Action: Understand your sample source options. Have candid conversations with your data collection partners and only work with ones that are 100% transparent. Learn how to smell BS from a mile away, and stay away from those people.

  1. As researchers, part of our job should be to understand how the world around us is changing. So, why do we turn a blind eye to the poor experiences our respondents are having? According to CASRO’s Code of Standards and Ethics, “research participants are the lifeblood of the research industry.” The people taking our questionnaires aren’t just “completes.” They’re people. They have jobs, spouses, children, and a million other things going on in their lives at any given time, so they often don’t have time for your 30-minute questionnaire with ten scrolling grid questions.

Action: Take the questionnaires yourself so you can fully understand what you’re asking your respondents to do. Then take that same questionnaire on a smartphone. It might be an eye opener.

  1. It’s important to educate colleagues, peers, and clients regarding the pitfalls of poor data collection methods. Not only does a poorly designed 30-minute survey frustrate respondents, it also leads to speeding, straight lining, and just not caring. Most importantly, it leads to bad data. It’s not the respondent’s fault—it’s ours. One company stood up at the conference and stated that it won’t take a client project if the survey is too long. But for every company that does this, there are many others that will take that project.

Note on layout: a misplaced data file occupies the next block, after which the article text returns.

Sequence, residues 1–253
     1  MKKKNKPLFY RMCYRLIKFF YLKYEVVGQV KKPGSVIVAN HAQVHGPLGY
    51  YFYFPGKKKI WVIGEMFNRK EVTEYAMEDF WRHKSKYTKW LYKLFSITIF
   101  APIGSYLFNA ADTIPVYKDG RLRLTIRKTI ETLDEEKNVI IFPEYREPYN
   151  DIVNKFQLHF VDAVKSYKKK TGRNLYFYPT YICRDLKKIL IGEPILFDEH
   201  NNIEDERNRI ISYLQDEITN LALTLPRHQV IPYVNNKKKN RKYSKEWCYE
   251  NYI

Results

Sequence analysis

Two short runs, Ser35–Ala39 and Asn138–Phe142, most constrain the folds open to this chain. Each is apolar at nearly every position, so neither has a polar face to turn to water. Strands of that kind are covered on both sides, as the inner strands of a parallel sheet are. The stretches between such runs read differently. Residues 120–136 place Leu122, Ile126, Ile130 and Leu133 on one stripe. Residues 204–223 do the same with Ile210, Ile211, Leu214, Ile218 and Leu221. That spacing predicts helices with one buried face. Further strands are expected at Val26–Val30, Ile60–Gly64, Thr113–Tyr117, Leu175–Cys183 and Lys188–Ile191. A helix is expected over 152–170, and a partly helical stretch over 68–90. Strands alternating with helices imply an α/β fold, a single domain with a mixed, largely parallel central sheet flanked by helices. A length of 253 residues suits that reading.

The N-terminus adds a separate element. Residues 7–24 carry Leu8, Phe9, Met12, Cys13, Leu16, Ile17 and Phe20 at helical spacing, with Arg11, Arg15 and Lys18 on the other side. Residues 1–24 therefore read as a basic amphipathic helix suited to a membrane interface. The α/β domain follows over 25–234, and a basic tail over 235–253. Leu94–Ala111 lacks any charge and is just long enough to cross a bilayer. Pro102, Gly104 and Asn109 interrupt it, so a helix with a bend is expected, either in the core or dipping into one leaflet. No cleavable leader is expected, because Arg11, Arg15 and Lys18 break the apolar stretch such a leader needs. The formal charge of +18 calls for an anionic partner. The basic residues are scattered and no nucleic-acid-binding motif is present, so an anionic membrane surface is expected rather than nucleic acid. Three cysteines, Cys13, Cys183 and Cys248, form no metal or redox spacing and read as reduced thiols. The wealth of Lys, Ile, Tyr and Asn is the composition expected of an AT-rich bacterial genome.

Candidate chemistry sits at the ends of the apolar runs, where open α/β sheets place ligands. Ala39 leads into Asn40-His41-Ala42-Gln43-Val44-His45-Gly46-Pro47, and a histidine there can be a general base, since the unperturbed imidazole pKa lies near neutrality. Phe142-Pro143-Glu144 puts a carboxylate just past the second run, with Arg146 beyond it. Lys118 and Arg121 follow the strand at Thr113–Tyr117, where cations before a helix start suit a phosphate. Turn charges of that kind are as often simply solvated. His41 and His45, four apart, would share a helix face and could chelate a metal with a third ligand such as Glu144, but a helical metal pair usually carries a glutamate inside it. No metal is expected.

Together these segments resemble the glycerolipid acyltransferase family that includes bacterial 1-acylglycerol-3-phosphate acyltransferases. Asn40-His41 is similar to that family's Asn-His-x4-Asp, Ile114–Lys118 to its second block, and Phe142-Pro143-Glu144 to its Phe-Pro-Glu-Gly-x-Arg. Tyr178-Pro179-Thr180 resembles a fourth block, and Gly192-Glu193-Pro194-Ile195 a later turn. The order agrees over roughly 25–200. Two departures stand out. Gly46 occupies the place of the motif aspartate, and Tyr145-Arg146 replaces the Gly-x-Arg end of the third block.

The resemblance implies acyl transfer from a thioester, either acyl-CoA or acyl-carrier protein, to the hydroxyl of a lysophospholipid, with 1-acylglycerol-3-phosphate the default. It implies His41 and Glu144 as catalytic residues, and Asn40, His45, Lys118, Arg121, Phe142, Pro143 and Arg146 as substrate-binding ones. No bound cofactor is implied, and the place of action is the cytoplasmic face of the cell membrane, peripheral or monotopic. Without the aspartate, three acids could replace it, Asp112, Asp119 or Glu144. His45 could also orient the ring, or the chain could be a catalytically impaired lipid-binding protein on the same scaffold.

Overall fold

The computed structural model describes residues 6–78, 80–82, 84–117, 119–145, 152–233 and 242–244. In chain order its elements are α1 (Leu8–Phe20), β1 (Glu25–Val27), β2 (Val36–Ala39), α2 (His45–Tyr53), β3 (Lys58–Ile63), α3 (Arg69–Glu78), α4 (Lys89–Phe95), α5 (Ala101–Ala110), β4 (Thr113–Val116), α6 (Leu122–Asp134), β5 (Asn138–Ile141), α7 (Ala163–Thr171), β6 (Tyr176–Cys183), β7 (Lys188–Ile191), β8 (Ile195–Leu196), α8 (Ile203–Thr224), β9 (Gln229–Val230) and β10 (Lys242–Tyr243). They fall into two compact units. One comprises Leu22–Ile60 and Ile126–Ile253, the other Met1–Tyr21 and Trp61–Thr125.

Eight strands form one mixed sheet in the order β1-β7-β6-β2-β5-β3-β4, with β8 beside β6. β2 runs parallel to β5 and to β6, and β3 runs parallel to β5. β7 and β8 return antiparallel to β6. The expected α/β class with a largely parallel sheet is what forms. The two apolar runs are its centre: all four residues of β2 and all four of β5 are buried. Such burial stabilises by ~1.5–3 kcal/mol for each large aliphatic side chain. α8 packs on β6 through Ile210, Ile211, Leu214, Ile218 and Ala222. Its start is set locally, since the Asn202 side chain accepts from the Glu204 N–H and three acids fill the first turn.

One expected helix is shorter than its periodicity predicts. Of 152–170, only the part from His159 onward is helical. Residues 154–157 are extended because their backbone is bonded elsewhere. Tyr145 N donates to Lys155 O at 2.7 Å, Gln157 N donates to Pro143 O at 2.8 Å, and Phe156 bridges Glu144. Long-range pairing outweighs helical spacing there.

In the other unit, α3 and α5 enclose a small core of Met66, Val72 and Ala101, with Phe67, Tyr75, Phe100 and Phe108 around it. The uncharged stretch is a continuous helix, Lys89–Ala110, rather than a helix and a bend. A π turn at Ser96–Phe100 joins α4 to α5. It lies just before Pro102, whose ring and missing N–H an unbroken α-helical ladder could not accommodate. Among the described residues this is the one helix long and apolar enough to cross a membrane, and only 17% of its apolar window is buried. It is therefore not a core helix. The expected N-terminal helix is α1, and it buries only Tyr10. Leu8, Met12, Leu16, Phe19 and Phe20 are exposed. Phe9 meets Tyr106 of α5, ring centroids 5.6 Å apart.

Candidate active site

Action: Educate your clients about the potential consequences of poorly designed, lengthy questionnaires. Market research industry leaders as a whole need to do this for it have a large impact.

Change is a good thing, and there’s no need to panic. Most of you are probably aware of the issues I’ve outlined above. There are no big shocks here. But, being cognizant of a problem and acting to fix the problem are two entirely different things. I challenge everyone in the market research industry to take some action. In fact, you don’t have much of a choice.

Jared is CMB’s Field Services Director, and has been in market research industry for eighteen years. When he isn’t enjoying the exciting world of data collection, he can be found competing at barbecue contests as the pitmaster of the team Insane Swine BBQ.

Topics: data collection, mobile, research design, conference recap

Upcoming Webinar: Busting the Millennial Insurance Myth

Posted by Lori Vellucci

Thu, Apr 07, 2016

millennials and insuranceFree for 40 minutes next Wednesday? Join us for a webinar that will explore Millennial attitudes and behaviors toward insurance!